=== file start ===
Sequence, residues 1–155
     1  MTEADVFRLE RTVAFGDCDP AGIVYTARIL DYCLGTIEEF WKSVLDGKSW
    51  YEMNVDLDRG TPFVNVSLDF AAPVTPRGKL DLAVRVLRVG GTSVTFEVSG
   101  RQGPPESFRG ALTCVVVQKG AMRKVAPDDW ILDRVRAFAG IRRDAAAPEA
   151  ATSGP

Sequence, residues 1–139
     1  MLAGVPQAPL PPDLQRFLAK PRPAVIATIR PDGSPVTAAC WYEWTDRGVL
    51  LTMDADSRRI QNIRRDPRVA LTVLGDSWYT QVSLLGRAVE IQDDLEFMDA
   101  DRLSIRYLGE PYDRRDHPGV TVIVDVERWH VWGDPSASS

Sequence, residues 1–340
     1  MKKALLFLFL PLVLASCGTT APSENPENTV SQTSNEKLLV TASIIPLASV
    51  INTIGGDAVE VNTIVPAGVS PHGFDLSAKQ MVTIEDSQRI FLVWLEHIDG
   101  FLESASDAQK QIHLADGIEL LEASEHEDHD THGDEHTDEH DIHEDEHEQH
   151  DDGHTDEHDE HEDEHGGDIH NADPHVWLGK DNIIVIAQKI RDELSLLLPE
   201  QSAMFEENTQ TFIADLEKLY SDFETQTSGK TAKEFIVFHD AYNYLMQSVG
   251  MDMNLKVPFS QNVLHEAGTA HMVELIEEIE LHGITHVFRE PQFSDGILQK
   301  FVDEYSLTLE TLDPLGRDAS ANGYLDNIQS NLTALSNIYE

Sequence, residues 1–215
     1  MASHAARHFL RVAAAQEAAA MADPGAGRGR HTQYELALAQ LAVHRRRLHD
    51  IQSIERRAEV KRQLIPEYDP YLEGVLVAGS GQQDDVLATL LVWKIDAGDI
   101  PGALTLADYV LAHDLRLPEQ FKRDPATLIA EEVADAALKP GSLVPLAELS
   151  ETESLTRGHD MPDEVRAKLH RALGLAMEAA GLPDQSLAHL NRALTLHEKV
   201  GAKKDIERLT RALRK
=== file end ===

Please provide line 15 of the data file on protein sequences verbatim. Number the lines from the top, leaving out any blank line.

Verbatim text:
   201  QSAMFEENTQ TFIADLEKLY SDFETQTSGK TAKEFIVFHD AYNYLMQSVG